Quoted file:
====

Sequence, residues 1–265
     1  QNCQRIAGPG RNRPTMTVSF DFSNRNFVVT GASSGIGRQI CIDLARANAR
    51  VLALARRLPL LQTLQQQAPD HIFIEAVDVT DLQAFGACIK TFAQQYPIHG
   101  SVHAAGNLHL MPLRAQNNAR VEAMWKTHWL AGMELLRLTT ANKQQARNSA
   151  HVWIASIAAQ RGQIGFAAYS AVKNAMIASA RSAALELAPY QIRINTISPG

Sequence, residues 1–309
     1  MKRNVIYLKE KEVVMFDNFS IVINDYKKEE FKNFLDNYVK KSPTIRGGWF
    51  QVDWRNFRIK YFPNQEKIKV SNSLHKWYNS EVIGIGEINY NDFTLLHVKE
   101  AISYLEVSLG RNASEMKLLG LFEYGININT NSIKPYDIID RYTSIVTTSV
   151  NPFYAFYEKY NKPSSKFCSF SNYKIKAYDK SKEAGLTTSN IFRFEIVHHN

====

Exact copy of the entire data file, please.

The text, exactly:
Sequence, residues 1–265
     1  QNCQRIAGPG RNRPTMTVSF DFSNRNFVVT GASSGIGRQI CIDLARANAR
    51  VLALARRLPL LQTLQQQAPD HIFIEAVDVT DLQAFGACIK TFAQQYPIHG
   101  SVHAAGNLHL MPLRAQNNAR VEAMWKTHWL AGMELLRLTT ANKQQARNSA
   151  HVWIASIAAQ RGQIGFAAYS AVKNAMIASA RSAALELAPY QIRINTISPG

Sequence, residues 1–309
     1  MKRNVIYLKE KEVVMFDNFS IVINDYKKEE FKNFLDNYVK KSPTIRGGWF
    51  QVDWRNFRIK YFPNQEKIKV SNSLHKWYNS EVIGIGEINY NDFTLLHVKE
   101  AISYLEVSLG RNASEMKLLG LFEYGININT NSIKPYDIID RYTSIVTTSV
   151  NPFYAFYEKY NKPSSKFCSF SNYKIKAYDK SKEAGLTTSN IFRFEIVHHN